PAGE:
Weathering of Minerals

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Weathering of Minerals

There are many factors which influence the weathering of minerals.

  1. 1. Climatic conditions

  2. 2. Physical characteristics

  3. 3. Chemical and structural characteristics

1. Climatic Conditions: The climatic condition, more than any other factor tends to control the kind and rate of weathering. Under conditions of low rainfall, there is a dominance of physical weathering which reduces the size and increases the surface area with little change in volume.

The increase in moisture content encourages chemical as well as mechanical changes and new minerals and soluble products are formed.

The weathering rates are generally fastest in humid tropical regions as there is sufficient moisture and warmth to encourage chemical decomposition.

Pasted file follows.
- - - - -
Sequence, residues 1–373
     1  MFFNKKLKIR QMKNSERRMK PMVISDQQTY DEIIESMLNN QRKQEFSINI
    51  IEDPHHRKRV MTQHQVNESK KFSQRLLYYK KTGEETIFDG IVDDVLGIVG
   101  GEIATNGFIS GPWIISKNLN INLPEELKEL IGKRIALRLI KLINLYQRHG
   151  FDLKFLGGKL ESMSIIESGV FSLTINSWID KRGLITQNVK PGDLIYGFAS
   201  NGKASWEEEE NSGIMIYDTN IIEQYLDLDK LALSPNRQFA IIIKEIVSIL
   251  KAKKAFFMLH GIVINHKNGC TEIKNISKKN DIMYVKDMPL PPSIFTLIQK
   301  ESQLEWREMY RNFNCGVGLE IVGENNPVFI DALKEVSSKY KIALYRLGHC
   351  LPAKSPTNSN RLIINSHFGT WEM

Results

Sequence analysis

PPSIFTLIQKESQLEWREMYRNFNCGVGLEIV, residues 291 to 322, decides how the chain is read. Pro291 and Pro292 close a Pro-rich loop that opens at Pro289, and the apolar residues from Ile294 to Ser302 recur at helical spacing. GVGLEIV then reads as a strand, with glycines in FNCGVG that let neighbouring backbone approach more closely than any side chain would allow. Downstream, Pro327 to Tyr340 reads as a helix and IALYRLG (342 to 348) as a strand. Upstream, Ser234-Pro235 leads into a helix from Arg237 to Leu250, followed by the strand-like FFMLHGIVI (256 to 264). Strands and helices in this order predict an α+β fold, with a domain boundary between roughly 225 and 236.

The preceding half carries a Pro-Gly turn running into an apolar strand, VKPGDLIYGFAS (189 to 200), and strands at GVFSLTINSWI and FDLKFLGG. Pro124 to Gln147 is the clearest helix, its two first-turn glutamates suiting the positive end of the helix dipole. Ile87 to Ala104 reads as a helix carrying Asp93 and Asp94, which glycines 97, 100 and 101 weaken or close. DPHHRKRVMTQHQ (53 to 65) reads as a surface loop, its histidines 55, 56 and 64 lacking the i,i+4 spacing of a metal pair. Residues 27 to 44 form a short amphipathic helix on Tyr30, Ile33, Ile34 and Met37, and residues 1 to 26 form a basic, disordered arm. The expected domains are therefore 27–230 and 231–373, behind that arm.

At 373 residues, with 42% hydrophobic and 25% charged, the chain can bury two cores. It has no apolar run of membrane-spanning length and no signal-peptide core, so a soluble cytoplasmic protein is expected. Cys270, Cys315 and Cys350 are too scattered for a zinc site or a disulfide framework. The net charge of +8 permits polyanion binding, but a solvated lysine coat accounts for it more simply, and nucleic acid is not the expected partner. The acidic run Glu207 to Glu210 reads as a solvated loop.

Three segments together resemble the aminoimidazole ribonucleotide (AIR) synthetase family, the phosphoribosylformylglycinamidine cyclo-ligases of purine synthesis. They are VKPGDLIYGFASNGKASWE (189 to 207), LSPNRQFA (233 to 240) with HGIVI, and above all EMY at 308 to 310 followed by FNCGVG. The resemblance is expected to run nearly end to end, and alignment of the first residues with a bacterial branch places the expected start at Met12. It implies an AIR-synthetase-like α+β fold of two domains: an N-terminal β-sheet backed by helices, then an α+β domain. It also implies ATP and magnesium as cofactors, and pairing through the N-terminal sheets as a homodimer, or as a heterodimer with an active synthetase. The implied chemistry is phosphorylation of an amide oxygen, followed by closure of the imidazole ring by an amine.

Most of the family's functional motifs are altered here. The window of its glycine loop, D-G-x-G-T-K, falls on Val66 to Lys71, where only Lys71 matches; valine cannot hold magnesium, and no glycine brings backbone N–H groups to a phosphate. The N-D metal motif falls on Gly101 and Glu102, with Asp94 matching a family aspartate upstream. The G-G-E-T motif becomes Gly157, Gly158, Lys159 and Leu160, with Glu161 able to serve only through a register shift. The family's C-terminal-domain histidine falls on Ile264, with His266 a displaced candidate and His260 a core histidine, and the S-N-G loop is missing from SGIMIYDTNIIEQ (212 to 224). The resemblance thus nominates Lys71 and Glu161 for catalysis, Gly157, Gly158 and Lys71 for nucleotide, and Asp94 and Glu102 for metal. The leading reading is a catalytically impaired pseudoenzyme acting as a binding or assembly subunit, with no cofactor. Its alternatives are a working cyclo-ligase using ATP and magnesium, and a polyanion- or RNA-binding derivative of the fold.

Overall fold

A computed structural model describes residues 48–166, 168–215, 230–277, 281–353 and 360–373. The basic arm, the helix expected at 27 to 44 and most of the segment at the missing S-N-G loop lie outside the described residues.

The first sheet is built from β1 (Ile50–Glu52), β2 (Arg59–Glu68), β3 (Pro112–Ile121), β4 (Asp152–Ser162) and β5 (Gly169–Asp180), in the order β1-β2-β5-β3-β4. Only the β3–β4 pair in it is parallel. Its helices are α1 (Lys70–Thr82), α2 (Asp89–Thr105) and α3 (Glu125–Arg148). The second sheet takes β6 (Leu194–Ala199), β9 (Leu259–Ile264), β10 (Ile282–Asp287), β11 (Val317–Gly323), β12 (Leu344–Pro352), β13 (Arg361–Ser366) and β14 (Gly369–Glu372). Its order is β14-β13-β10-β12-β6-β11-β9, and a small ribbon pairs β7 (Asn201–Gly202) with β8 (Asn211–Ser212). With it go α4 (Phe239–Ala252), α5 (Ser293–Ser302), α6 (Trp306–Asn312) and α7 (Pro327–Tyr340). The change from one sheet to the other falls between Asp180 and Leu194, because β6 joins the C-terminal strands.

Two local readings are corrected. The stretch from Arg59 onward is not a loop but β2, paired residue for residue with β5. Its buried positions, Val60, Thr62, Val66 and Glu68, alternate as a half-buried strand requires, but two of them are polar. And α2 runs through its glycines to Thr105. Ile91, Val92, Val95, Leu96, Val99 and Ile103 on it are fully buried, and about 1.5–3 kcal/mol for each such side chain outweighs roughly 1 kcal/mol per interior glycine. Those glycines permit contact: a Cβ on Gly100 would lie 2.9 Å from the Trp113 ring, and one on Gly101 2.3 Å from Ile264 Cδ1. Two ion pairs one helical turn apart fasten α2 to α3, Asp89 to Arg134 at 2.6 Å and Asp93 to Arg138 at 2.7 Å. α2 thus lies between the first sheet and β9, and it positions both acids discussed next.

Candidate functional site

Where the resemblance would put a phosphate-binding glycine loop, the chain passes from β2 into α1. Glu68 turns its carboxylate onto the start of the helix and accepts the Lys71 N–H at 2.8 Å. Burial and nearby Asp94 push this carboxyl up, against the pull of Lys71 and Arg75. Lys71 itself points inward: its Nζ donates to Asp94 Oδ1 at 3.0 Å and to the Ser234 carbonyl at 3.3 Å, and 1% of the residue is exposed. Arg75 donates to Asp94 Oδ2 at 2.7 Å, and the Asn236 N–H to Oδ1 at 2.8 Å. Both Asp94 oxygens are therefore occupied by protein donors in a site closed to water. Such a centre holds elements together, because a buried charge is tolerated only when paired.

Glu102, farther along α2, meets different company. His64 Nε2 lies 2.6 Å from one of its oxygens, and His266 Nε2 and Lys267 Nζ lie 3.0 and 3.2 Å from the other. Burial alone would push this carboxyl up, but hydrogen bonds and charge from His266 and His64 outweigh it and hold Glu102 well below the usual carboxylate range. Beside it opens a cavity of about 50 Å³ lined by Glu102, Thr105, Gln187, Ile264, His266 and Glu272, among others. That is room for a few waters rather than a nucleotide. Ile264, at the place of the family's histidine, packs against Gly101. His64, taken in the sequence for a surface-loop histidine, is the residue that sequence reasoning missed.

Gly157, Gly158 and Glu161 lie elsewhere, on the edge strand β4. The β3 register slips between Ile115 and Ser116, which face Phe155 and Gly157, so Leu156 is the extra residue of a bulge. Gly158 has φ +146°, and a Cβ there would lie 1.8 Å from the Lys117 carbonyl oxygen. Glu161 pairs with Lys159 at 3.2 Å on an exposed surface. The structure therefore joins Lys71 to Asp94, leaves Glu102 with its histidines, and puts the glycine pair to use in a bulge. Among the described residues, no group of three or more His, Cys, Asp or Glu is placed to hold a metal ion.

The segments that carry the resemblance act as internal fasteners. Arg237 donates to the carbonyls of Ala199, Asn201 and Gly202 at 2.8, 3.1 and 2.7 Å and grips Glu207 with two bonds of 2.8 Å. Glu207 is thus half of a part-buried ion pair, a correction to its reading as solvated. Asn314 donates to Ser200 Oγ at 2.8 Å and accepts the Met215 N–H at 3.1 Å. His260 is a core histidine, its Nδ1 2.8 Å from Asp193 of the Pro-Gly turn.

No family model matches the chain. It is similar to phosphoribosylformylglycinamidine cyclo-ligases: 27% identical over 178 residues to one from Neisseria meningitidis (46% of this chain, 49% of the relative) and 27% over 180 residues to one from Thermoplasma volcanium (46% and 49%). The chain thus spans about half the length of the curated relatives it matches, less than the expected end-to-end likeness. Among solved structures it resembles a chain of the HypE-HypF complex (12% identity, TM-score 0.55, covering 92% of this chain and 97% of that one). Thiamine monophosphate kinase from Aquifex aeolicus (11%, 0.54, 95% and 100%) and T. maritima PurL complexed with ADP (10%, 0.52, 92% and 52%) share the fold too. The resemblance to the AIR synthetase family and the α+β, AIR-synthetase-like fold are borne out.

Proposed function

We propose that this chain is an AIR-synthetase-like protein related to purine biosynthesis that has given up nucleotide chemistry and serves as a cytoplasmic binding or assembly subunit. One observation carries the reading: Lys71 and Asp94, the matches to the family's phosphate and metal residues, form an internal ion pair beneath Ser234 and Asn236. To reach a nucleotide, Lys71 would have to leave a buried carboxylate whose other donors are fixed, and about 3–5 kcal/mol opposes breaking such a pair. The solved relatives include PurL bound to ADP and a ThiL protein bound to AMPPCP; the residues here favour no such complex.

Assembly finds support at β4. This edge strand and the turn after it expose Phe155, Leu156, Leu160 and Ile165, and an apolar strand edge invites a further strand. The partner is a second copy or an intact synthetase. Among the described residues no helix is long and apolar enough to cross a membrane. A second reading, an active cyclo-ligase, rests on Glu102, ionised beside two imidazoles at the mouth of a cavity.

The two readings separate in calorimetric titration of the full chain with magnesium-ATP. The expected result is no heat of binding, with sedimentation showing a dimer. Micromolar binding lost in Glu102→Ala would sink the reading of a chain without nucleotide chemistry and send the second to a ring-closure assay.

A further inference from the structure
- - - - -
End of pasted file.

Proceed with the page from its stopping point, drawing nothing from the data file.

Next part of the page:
The easily weather able minerals disappear on account of intense chemical weathering and more resistant products (hydrous oxides of Fe and Al) tend to accumulate

Climate controls the dominant type of vegetation which in turn controls the bio chemical reactions in soils and mineral weathering.

2. Physical Characteristics:
i) Differential composition
ii) Particle size
iii) Hardness and degree of cementation

3. Chemical and structural characteristics:
Chemical: For minerals of given particle size, chemical and crystalline characteristics determine the ease of decomposition. (e.g.) gypsum – sparingly soluble in water, is dissolved and removed in solution form under high rainfall.
Ferro magnesium minerals are more susceptible to chemical weathering than feldspar and quartz
Tightness of packing of ions in crystals: Less tightly packed minerals like olivine and biotitic are easily weathered as compared to tightly packed zircon and muscovite (resistant)

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